When The Beatles hit the U.S. shores, Boone was left far behind as his white buck shoes were now viewed as hopelessly out of style. Bad financial investments and some marital difficulties troubled Boone and he would later credited his religious beliefs with seeing him through some hard times. Pat, his wife Shirley and their four daughters: Cherry, Lindy, Debby, and Laury, toured as gospel singers and recorded albums like "The Pat Boone Family" and "The Family Who Prays". From 1975 to 1980 he recorded more gospel albums on the Lamb & Lion label, such as "Born Again" and "Golden Hymns". Pat also had a number of country hits in the '70s, with singles "Indiana Girl" and "Texas Woman" and albums "I Love You More And More Each Day" and "The Country Side Of Pat Boone" for Motown Records. Pat has always been popular in the UK, where he had 27 records reach the top forty, although only one of which made number one, "I'll Be Home" in 1956.

Pat's daughter Debby married Gabriel Ferrer, who is the son of Jose Ferrer and Rosemary Clooney and released a single of her own in 1977 called "You Light Up My Life". The song held the number one spot for ten weeks in the U.S. and was recognized with a Grammy Award that year. When asked who it was that lit up her life, Debby said it was God that she was singing about.

In 1981, Pat published a book called "Pray to Win", and in 1983 he began hosting a contemporary Christian syndicated radio show, all in addition to his extensive charity work. While his recording career continued to taper off, he did issue "Let Me Live," which became an anthem for the anti-abortion movement. For the most part, Boone spent much of the 1980s and 1990s out of the secular media spotlight, but in 1997 he made a splash with the LP "In A Metal Mood: No More Mr. Nice Guy", a tongue-in-cheek collection of covers of heavy metal tunes like "Smoke on the Water" and "Stairway to Heaven." Much of the singer's Christian contingent failed to get the joke however, and after Boone appeared at the American Music Awards accompanied by his friend, shock-rock icon Alice Cooper, clad in black leather and sporting temporary tattoos, he was dismissed from his Trinity Broadcasting Network program Gospel America.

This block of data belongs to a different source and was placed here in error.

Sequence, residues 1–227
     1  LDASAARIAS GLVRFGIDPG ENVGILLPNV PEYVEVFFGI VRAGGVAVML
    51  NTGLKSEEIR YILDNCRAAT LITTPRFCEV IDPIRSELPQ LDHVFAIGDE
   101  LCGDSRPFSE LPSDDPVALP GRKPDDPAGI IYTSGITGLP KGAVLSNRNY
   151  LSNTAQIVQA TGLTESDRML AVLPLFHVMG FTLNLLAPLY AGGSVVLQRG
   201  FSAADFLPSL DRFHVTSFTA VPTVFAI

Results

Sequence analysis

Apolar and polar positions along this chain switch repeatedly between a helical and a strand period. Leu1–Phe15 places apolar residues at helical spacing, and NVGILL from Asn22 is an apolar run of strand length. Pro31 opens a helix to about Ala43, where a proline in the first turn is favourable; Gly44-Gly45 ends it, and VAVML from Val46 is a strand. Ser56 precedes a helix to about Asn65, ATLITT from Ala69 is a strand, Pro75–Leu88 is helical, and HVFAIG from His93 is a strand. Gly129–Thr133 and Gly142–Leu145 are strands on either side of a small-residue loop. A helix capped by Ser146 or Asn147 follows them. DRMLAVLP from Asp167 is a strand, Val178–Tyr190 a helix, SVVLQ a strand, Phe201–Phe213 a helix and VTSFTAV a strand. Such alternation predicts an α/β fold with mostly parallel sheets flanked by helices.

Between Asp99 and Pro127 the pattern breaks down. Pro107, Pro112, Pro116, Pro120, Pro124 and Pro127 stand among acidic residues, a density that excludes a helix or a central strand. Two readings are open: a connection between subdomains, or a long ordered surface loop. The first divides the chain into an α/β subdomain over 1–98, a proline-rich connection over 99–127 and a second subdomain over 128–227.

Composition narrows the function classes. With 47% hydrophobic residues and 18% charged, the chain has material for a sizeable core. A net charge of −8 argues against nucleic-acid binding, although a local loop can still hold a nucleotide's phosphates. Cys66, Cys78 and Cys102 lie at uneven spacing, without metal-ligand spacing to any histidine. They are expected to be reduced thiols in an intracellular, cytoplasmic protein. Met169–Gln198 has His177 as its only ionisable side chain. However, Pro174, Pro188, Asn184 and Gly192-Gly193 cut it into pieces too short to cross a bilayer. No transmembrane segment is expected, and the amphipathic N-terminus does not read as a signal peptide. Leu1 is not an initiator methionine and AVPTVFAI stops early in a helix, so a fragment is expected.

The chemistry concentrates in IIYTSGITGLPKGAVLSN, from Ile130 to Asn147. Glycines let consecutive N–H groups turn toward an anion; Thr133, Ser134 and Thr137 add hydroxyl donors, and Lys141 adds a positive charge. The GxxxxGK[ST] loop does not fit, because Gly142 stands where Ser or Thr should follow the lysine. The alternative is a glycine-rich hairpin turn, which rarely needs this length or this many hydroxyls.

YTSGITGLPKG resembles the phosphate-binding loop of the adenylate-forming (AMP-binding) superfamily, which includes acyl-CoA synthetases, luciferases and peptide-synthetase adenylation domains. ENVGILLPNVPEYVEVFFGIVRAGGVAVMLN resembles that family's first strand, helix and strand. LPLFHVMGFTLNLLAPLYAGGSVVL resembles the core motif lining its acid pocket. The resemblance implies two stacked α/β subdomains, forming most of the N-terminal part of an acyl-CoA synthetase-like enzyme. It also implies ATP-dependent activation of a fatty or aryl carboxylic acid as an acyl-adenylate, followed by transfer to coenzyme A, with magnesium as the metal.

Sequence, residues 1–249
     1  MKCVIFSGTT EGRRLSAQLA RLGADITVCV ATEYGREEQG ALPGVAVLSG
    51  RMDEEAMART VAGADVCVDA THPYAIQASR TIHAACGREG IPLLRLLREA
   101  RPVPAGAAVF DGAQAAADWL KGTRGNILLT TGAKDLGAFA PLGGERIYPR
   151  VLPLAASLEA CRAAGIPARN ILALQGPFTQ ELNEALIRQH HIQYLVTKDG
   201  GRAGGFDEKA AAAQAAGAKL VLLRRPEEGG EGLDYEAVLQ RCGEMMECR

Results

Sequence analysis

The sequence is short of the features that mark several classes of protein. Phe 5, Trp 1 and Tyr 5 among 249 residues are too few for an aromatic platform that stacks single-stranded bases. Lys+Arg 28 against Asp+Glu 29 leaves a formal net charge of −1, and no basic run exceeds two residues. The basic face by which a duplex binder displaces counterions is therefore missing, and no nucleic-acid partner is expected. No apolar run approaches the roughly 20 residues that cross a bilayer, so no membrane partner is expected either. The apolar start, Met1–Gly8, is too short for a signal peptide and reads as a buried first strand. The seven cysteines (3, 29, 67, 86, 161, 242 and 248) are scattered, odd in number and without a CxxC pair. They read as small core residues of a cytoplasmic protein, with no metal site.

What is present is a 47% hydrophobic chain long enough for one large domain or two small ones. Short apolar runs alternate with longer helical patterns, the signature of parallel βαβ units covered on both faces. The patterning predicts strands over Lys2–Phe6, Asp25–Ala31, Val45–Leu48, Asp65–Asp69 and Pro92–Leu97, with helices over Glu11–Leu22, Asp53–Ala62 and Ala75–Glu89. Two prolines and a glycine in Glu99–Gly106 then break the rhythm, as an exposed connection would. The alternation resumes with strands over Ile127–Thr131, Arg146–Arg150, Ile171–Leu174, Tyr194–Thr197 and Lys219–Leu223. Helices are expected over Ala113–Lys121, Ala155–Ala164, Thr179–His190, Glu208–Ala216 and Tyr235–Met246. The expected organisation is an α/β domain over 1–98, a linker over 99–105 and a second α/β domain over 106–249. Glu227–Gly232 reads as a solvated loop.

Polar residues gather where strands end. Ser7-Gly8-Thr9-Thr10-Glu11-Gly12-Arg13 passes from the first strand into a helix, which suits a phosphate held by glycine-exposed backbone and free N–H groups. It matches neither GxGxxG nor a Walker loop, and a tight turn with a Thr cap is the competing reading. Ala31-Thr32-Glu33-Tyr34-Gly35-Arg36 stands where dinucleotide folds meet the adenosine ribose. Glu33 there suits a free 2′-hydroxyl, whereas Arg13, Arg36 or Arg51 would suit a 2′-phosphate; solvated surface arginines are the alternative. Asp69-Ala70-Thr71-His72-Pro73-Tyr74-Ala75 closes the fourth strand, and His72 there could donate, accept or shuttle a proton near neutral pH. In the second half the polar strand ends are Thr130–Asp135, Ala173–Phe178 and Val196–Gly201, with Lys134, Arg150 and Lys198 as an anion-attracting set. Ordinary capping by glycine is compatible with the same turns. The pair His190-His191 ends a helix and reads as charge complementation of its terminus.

In 2005, Pat announced the end of his fifty-year career. "I'm going to tip my hat and call it a day," he said. "My wife has been begging me for years: 'Please let us drift into some kind of private life, while we can still ambulate.'" That retirement didn't last long. Pat held a press conference on September 20th, 2006, announcing the release of his latest project "Pat Boone R&B Classics - We Are Family", which includes appearances by Smokey Robinson (on “Tears of a Clown”), the Four Tops (“I Can’t Help Myself”), Kool & the Gang (“Celebration”), KC & the Sunshine Band (“Get Down Tonight”), Sam Moore (“Soul Man”), Sister Sledge (on the title tune), Earth, Wind & Fire (“That’s the Way of the World”), Ray Parker Jr. (“A Woman Needs Love”) and James Brown doing “Papa’s Got a Brand New Bag.” The album started receiving radio air-play and entered the Billboard R&B charts in February, 2007.

Pat has always been outspoken about religion and politics, strongly objecting to gay marriage in a December, 2008 article written for WorldNetDaily. In August, 2009 he wrote another strongly worded piece in which he compared liberals to cancer, describing them as "black filthy cells." That same year, he also stated that he believes that Barack Obama was not eligible to serve as the President of the United States. Boone also has said that Obama is fluent in Arabic and read the Koran in Arabic as a boy. He has also complained that President Obama "hasn't celebrated any Christian holidays in the White House."

Boone received a lifetime achievement award at the 38th annual Conservative Political Action Conference held in February 2011 and continued performing from time to time. In late October, 2015, he announced a new album called "R&B Duet Hits", where he performs R&B classics with the original artists, including James Brown, Smokey Robinson, The Four Tops and Sam Moore.

Pat Boone's place in Rock and Roll history is solidified by the fact that from 1955 to 1962, he had 54 hit singles and for four consecutive years, 1955 to 1959, he was never off the American Pop charts. During that time, only Elvis Presley sold more records.

For more, be sure to read Gary James' interview with Pat Boone